A method to improve the detectability of trace elements by X-ray fluorescent spectrography is described. The method consists of using appropriate filters in the primary, or exciting, beam. The effects of using filters in the primary beam on the peak-to-background ratio R of a fluorescent line have been analyzed on theoretical grounds. In fact,
(λ0) is the intensity of the analytic fluorescent line, I1
(λ0) is the background intensity due to coherent and Compton scattering of the primary radiation by the specimen, and I2
is the background intensity due to scattering of the fluorescent radiation by the analyzing crystal. Analytical expressions were derived for I1
2, and I1
(λ0), from which it has been concluded:
1.The ratio I1
(λ0) decreases when the filter used has its absorption edges at wavelengths longer than λ0.
2.The ratio I2
(λ0) can be separated into two parts which vary in opposite ways. The influence of these two parts on the value of R is discussed in the text.
It is then shown that the method should work well at short wavelengths and less well at longer wavelengths. The method was tested in the difficult case where overlapping of the analytical line with a characteristic line of the tube occurred, i.e., in the determination of traces of selenium by using tungsten radiation. The analytic line Se Kα. has a wavelength of 1.106 Å, while W Lγ1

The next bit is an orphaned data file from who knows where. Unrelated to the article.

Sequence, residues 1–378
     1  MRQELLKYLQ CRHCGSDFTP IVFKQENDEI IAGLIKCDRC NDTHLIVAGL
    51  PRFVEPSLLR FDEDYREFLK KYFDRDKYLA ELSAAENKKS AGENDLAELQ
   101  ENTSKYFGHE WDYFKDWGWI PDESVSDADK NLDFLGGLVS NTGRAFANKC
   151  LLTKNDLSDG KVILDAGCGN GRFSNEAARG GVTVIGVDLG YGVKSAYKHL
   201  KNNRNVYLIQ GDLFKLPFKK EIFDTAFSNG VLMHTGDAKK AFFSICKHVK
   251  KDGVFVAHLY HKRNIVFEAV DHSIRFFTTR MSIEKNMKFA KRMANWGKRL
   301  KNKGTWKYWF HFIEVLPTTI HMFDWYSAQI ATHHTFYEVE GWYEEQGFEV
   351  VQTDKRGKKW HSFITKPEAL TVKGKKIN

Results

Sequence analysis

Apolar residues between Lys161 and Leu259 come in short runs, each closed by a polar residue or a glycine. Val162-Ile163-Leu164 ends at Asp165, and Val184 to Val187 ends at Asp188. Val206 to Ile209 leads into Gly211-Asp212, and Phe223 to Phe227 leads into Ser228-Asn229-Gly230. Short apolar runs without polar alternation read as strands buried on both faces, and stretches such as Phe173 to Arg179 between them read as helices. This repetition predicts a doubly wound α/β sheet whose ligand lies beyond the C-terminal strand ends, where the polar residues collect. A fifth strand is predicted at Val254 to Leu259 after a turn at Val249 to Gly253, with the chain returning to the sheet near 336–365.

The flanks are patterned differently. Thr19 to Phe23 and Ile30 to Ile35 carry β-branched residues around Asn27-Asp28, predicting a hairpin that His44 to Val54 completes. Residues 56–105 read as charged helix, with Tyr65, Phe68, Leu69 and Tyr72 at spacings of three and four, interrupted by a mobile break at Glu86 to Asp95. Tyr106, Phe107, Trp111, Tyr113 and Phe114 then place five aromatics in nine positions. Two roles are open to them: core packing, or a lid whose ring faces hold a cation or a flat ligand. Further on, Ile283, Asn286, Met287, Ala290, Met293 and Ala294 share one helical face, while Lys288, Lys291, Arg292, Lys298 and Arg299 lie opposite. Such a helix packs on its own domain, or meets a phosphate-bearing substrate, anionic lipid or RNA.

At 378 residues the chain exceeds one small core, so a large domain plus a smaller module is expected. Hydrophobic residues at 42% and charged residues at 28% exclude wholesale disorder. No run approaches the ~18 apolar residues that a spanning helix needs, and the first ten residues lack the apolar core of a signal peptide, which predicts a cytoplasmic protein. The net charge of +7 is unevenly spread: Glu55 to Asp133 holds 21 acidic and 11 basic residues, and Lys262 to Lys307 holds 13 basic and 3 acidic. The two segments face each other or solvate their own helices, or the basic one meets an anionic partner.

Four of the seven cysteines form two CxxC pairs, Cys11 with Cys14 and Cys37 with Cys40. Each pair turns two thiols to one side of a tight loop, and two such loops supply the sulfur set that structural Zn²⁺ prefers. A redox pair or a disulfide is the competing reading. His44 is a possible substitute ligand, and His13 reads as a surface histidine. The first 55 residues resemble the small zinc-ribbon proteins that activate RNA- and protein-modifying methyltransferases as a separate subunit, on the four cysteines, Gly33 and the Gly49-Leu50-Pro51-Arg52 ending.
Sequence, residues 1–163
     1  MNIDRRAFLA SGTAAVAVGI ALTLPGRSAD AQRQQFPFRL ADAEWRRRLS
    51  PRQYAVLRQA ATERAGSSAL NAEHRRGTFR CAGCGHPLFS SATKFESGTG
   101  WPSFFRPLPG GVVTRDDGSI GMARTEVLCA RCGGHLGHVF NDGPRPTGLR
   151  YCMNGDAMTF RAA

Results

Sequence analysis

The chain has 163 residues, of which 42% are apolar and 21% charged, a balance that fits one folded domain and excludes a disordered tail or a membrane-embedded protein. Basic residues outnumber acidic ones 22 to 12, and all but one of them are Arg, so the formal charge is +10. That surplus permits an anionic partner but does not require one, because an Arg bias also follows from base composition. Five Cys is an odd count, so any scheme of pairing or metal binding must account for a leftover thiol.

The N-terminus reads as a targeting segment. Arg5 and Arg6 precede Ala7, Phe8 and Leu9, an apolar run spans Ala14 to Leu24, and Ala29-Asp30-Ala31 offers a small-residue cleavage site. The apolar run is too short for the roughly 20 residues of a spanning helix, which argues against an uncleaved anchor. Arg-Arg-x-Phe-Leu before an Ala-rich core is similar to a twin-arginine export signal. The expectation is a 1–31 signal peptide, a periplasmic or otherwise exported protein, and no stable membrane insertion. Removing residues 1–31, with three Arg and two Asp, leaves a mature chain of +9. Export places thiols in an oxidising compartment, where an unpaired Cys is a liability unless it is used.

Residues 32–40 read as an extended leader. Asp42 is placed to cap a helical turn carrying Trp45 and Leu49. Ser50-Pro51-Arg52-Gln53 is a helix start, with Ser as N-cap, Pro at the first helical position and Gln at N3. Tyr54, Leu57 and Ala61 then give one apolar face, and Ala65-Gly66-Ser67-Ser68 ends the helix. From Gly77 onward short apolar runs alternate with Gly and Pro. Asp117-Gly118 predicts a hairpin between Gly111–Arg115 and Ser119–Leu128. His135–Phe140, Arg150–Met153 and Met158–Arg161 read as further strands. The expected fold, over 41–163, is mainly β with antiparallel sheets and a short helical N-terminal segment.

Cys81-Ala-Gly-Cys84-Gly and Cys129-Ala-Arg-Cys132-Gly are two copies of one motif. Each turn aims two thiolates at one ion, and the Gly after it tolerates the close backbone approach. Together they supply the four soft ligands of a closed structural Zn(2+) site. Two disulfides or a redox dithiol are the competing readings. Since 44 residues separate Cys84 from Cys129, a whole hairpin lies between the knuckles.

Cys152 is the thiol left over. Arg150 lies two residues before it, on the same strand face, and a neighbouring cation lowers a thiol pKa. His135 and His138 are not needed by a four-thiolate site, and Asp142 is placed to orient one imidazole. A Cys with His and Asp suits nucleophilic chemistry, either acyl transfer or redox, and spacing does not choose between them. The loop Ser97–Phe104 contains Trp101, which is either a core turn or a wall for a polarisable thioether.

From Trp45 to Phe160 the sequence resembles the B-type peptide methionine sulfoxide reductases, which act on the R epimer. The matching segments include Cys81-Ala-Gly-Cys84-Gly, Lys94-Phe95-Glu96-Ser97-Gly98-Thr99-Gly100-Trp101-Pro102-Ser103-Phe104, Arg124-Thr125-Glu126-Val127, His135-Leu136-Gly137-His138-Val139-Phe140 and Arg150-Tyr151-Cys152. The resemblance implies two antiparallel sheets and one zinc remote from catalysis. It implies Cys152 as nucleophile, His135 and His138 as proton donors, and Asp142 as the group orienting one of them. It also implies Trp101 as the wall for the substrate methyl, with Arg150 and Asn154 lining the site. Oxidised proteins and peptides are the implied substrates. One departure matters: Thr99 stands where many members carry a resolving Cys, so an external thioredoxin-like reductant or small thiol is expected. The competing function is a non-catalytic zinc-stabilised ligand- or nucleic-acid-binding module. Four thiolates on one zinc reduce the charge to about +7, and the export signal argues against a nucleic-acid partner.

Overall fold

occurs at 1.098 Å. There is a marked effect of the filter thickness on the detectability; an optimum thickness appears to exist for each case. In the analysis of selenium, the best filter thickness (which can be selected by mere inspection of the diagrams reproduced in the text) increased the detectability of selenium traces by an order of magnitude. Finally, from statistical considerations, the quantity tσ2
is proposed as an index of the effectiveness of the filter: the smaller tσ2
is, the better the filter is. Here σ is the standard deviation of the intensity of the analytic line and t is the total counting time spent on the measure of the analytic line arid background. In order to study the dependence of the index tσ2
on the filter thickness, measurements were made on samples of sugar containing known concentrations of strontium. Then tσ2
was plotted against the thickness of the filter for each concentration; these curves do show a minimum. Thus, an optimum filter thickness exists in each case.